Obama Ends 'Wet Foot, Dry Foot' Policy for Cubans
WASHINGTON — President Barack Obama is ending a longstanding immigration policy that allows any Cuban who makes it to U.S. soil to stay and become a legal resident, a senior administration official said Thursday.
The repeal of the "wet foot, dry foot" policy is effective immediately, according the official. The decision follows months of negotiations focused in part on getting Cuba to agree to take back people who had arrived in the U.S.
The U.S. and Cuba planned to issue a joint statement later Thursday. The official insisted on anonymity in order to detail the change ahead of the announcement.
The official said the Cubans gave no assurances about treatment of those sent back to the country, but said political asylum remains an option for those concerned about persecution if they return.
Obama is using an administrative rule change to end the policy. Donald Trump could undo that rule after becoming president next week. He has criticized Obama's moves to improve relations with Cuba. But ending a policy that has allowed hundreds of thousands of people to come to the United States without a visa also aligns with Trump's commitment to tough immigration policies.
The "wet foot, dry foot" policy was put in place in 1995 by President Bill Clinton as a revision of a more liberal immigration policy. Until then, Cubans caught at sea trying to make their way to the United States were allowed into the country and were able to become legal residents after a year. The U.S. was reluctant to send people back to the communist island then run by Fidel Castro, and the Cuban government also generally refused to accept repatriated citizens.
The Cuban government has in the past complained bitterly about the special immigration privileges, saying they encourage Cubans to risk dangerous escape trips and drain the country of professionals. But it has also served as a release valve for the single-party state, allowing the most dissatisfied Cubans to seek better lives outside and become sources of financial support for relatives on the island.
Relations between the United States and Cuba were stuck in a Cold War freeze for decades, but Obama and Cuban President Raul Castro established full diplomatic ties and opened embassies in their capitals in 2015. Obama visited Havana last March.
U.S. and Cuban officials were meeting Thursday in Washington to coordinate efforts to fight human trafficking. A decades-old U.S. economic embargo, though, remains in place as does the Cuban Adjustment Act which lets Cubans become permanent residents a year after legally arriving in the U.S.
The official said that in recent years, most people fleeing the island have done so for economic reasons or to take advantage of the benefits they know they can receive if they make it to the U.S.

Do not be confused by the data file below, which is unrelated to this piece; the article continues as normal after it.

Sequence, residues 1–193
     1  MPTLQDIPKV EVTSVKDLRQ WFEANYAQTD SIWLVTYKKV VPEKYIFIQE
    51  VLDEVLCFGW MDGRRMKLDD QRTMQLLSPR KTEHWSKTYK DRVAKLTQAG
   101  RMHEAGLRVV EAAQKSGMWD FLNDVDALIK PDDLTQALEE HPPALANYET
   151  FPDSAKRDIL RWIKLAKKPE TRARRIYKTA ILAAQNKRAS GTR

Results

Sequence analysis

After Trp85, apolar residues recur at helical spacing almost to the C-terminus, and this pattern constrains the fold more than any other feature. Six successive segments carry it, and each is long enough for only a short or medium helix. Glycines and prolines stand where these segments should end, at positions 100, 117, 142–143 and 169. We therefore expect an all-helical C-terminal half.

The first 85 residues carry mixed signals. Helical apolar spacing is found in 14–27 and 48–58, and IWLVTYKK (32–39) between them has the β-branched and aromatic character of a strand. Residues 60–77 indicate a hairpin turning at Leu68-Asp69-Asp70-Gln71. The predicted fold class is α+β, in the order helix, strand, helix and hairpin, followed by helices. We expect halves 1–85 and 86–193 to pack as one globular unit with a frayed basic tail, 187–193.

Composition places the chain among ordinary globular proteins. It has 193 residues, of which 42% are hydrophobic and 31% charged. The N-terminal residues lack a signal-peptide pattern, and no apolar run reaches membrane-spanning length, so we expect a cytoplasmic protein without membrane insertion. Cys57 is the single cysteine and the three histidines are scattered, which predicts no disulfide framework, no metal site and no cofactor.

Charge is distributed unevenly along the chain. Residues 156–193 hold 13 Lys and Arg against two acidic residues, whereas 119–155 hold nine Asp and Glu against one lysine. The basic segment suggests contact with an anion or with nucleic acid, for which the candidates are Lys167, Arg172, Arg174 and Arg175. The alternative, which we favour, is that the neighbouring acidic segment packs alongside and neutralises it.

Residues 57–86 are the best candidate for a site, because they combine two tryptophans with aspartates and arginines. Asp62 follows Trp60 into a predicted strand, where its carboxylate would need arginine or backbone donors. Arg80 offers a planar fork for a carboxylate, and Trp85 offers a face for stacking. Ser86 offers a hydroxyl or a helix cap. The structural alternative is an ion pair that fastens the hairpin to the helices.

The official also cited an uptick in Cuban migration, particularly across the U.S.-Mexico border — an increase the official said reflected an expectation among Cubans that the Obama administration would soon move to end their special immigration status.
Since October 2012, more than 118,000 Cubans have presented themselves at ports of entry along the border, according to statistics published by the Homeland Security Department. During the 2016 budget year, which ended in September, a five-year high of more than 41,500 people came through the southern border. An additional 7,000 people arrived between October and November.
The influx has created burdens on other countries in the region that must contend with Cubans who have yet to reach the U.S. border, the official said.
The Cuban Medical Professional Parole Program, which was started by President George W. Bush in 2006, is also being rescinded. The measure allowed Cuban doctors, nurses and other medical professionals to seek parole in the U.S. while on assignments abroad.
People already in the pipeline under both "wet foot, dry foot" and the medical parole program will be able to continue the process toward getting legal status.
The preferential treatment for Cubans reflected the political power of Cuban-Americans, especially in Florida, a critical state in presidential elections. That has been shifting in recent years. Older Cubans, particularly those who fled Castro's regime, tend to reject Obama's diplomatic overtures to Cuba. Younger Cuban-American voters have proven less likely than their parents and grandparents to define their politics by U.S.-Cuba relations. Exit polls show President Barack Obama managed roughly a split in the Florida Cuban vote in 2012, and Trump in November won the same group by a much narrower margin than many previous Republican nominees.
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